Keywords

Indoor air quality, Suspended particulate Matter, Source Strength.

Introduction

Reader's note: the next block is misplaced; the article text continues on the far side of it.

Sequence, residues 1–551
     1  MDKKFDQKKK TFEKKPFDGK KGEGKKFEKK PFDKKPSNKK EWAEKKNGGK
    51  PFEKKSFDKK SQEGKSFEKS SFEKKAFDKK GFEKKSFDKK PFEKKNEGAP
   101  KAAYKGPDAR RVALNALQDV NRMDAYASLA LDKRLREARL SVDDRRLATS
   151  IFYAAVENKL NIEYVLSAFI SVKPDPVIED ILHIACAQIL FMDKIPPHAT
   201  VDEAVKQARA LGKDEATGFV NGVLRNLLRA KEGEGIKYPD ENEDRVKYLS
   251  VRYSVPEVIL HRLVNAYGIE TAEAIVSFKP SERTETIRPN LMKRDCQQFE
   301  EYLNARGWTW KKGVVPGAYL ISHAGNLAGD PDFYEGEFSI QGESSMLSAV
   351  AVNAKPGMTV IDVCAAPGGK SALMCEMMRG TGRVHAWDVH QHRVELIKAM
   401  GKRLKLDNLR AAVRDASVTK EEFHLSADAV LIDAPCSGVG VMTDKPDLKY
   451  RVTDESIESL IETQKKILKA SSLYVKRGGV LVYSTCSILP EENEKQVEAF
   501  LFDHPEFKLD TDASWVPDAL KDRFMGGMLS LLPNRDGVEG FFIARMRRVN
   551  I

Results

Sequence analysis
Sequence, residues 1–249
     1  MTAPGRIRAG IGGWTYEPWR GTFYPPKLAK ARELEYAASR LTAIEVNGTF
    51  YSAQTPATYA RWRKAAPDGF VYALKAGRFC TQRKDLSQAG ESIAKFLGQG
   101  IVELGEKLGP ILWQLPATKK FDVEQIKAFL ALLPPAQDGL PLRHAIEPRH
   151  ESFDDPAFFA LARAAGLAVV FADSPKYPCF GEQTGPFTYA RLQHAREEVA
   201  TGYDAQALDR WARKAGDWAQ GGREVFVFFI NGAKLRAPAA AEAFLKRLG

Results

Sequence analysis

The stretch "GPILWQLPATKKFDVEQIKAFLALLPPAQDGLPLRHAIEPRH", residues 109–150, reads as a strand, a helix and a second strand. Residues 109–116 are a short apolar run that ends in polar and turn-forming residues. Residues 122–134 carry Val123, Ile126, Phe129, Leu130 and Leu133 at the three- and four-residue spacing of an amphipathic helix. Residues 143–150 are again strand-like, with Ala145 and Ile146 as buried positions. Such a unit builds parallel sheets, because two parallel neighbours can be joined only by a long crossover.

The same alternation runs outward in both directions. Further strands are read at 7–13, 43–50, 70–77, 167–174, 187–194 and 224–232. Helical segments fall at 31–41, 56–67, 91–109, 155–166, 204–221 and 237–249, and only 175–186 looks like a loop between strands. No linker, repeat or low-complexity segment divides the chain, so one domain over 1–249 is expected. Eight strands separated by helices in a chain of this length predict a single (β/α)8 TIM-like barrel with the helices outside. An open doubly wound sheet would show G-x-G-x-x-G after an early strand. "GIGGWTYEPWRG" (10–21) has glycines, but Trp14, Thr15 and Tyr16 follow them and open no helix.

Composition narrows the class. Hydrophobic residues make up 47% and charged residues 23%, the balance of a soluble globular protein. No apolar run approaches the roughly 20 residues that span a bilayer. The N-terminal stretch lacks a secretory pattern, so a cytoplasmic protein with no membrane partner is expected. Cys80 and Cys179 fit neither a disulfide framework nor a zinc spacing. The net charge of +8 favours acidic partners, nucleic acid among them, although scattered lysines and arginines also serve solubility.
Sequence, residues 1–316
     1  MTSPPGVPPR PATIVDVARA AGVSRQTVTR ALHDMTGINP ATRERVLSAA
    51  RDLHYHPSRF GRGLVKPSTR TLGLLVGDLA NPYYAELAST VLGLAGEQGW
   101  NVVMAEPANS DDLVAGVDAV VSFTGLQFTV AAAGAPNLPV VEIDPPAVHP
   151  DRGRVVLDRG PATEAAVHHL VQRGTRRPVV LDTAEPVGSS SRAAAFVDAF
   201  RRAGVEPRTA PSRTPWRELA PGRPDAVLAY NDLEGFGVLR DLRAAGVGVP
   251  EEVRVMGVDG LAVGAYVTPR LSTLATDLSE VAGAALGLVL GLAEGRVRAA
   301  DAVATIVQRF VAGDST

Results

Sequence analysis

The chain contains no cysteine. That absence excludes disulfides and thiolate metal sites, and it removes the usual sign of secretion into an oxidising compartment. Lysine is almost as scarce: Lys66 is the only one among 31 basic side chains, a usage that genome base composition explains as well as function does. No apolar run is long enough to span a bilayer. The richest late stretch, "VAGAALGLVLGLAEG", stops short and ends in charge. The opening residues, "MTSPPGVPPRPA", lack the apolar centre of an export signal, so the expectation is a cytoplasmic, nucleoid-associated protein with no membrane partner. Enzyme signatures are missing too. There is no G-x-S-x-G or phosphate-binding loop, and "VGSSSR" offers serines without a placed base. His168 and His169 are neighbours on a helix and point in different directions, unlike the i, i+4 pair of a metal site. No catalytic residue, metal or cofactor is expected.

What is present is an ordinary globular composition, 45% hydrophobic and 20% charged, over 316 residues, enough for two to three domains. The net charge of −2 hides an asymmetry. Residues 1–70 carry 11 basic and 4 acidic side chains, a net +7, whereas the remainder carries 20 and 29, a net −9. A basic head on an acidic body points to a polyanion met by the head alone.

The subject of indoor air pollution has received a great deal of attention in recent years. Although most of the concern originally focused on the workplace, more people are looking for answers to health and comfort problems occurring in their homes. Most people spend a large of their time indoors, which makes indoor spaces important microenvironments when addressing risks from air pollution. Most of a person’s daily exposure to many air pollutants comes through inhalation of indoor air, both because of the amount of time spent indoors and because of the higher pollution levels indoors. The air quality inside buildings is affected by many factors. Indoor concentrations of air pollutants are influenced by outdoor levels, indoor sources, the rate of exchange between indoor and outdoor air, and the characteristics and furnishings of buildings. Indoor concentrations of air pollutants are subject to geographical, seasonal and diurnal variations. In Indian context, housewives, elderly people and children are more susceptible to indoor air pollution as they remain in house for most of the time. In recent years, the problem of indoor air pollution in residential buildings has come into sharper focus.